Within the spectacular success story of Australian wool’s demand-driven gains over the past few years, reaching a recent breakthrough price of $20 per kilogram, there is another perhaps even lesser known triumph on the back of Chinese demand and the rise of athleisure wear: the even faster surge in price for superfine wool.
It marks a welcome turnaround for superfine wool, defined in Australia as less than 18.5 microns of fibre thickness.
According to the Mercardo Market Analysis of 2017 wool production, “the biggest movers were micron ranges finer than 18 microns (um), where 30–40 per cent price increases were evident”.
More recently, the quarterly market intelligence report for February–April 2018 from Australian Wool Innovation (AWI) stated that “last season superfine prices produced almost 32 per cent of our $3.4 billion clip value while accounting for around 24 per cent of the wool produced”.
Two decades ago, superfine made up just 4.19 per cent of the clip.
“There’s no doubt that over the last 20 years, genetically, the Australian wool clip has got finer,” says Stuart McCullough, CEO of AWI. “Really, that’s a signal of how life’s changed in the world – in particular, places like China.”
With about 350 million affluent consumers, China’s appetite for Australia’s finer wool has grown compared to the coarser product used mostly in uniforms 20 years ago.
“All our marketing strategies in the last eight years have been focused at the pinnacle of the fashion triangle,” says McCullough. “We want to work with affluent retail partners with elasticity in their pricing that will absorb wool at $10, $20, $30 per kilogram.”
According to the AWI report, 17um fibre averaged a monthly price of $27.57 and 18um fibre $23.48, compared to $17.93 for the Eastern Market Indicator, the benchmark for Australia’s wool prices. More recently, the EMI has tracked around $20 per kilogram, up from around $15 cents 12 months ago.
A big demand driver for finer-micron fibres has been the emergence of “sports active”, “outdoor-run” and “athleisure” wear, typically including 40–50 per cent wool in their blends of fibres. “The raw materials are, in a sense, immaterial in the cost of the garment,” says McCullough — which offers “plenty of runway”, with no price resistance to date anywhere in the pipeline.
The big outdoor-run-wear producers also appeal to Gen Y and Gen Z consumers, who are attracted to wool’s sustainability credentials and provenance.
To target the growing “next to skin” market, AWI has partnered with AgResearch for a peer-reviewed scientific study to show that wearing merino wool-based layers is beneficial to skin health compared to polyester – all good news for superfine wool prices stimulated by this market’s pressure on traditional-use mills in Europe.
Long used to low prices for Australian superfine wool, Italian mills are now galvanised by competition from Chinese processors and are prepared to pay a premium to secure supply. “I think in my lifetime we will see famous Chinese home-grown, high-end apparel designers,” says McCullough, also noting that China is yet to catch the athleisure- wear fashion wave.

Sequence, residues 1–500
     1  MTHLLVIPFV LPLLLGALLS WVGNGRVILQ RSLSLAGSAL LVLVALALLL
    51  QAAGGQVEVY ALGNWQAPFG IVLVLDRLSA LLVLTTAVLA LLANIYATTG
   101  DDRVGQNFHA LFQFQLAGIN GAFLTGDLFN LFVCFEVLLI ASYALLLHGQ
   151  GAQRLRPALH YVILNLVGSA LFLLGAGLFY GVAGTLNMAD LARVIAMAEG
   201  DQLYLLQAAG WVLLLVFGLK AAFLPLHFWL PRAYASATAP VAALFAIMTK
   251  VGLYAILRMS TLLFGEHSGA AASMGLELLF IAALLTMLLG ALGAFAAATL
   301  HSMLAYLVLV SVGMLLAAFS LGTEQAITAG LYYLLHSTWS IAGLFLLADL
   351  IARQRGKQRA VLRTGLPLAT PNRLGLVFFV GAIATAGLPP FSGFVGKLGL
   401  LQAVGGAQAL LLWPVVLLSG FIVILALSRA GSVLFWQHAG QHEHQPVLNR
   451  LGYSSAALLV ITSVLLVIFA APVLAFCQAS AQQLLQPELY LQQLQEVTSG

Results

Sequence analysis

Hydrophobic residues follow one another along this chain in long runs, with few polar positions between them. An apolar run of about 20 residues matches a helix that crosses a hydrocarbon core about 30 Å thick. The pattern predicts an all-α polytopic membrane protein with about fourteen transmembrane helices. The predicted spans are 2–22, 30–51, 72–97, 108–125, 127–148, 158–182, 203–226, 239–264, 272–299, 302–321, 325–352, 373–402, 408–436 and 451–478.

McCullough has long wondered why cashmere is priced at $120 per kilogram while superfine wool is so much cheaper: “They are essentially the same fibre; under any microscopy, the fibres are indistinguishable,” he says.
AWI targets luxury retailers such as Max Mara, famous for its coats and outer wear made in fabrics heavily biased towards cashmere. He also points to the trend of soft-tailoring and deconstructing suits to produce a more relaxed look and feel. This allows superfine wool to service the shoulder seasons of winter, with lighter suits for summer that can be layered for winter.
Individual woolgrowers who might be tempted to switch to superfine wool must calculate the trade-offs of higher-maintenance superfine sheep (with lower fleece weights and less volume but fetching higher prices) versus higher-micron-fibre sheep (with greater yield at lower prices from animals requiring less care).
“Enhanced genetics now means you can produce superfine wool on a larger-framed animal than was traditionally done,” says Jo Hall, CEO of peak national body Woolproducers. “But superfine wool production is specialised and you have to have the infrastructure in place – such as an operational shearing shed, which is a big investment.
“It’s not an easy swap for many enterprises. Geography also has an impact on what type of wool people produce: better-quality, more densely populated country suits smaller, superfine animals.
McCullough adds: “You can’t take superfine or ultrafine animals out into the desert. They’ll just die.”
While keeping a watch on the threat of a China-US trade war, McCullough sees a reassuring current global outlook. “We are seeing synchronised harmonious growth among the G8 and China that creates a high level of consumer confidence worldwide.”
“We are still by far the world’s largest providers of apparel fine wool,” says Hall. “The other players combined don’t match what Australia produces. The industry mood is extremely optimistic.
And we are seeing the return of great prices for superfine producers, who were in the doldrums for over 10 years.”
This is an edited version of an article that first appeared in Produce magazine.